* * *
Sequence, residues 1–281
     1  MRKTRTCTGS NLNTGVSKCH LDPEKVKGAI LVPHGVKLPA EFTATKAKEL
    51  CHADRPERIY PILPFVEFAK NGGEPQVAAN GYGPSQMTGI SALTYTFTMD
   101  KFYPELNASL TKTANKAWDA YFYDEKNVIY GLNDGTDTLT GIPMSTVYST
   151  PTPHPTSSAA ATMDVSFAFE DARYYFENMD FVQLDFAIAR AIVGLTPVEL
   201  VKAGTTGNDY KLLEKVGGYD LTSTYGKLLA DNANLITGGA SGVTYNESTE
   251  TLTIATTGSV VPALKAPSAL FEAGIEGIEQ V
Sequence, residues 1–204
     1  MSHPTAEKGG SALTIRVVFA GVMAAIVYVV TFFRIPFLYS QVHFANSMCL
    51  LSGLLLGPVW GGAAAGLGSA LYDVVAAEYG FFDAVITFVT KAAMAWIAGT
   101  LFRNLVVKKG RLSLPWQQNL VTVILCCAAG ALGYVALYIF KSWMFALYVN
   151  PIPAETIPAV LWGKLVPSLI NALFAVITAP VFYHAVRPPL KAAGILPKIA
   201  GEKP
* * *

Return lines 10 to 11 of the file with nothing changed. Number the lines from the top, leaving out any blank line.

    51  LSGLLLGPVW GGAAAGLGSA LYDVVAAEYG FFDAVITFVT KAAMAWIAGT
   101  LFRNLVVKKG RLSLPWQQNL VTVILCCAAG ALGYVALYIF KSWMFALYVN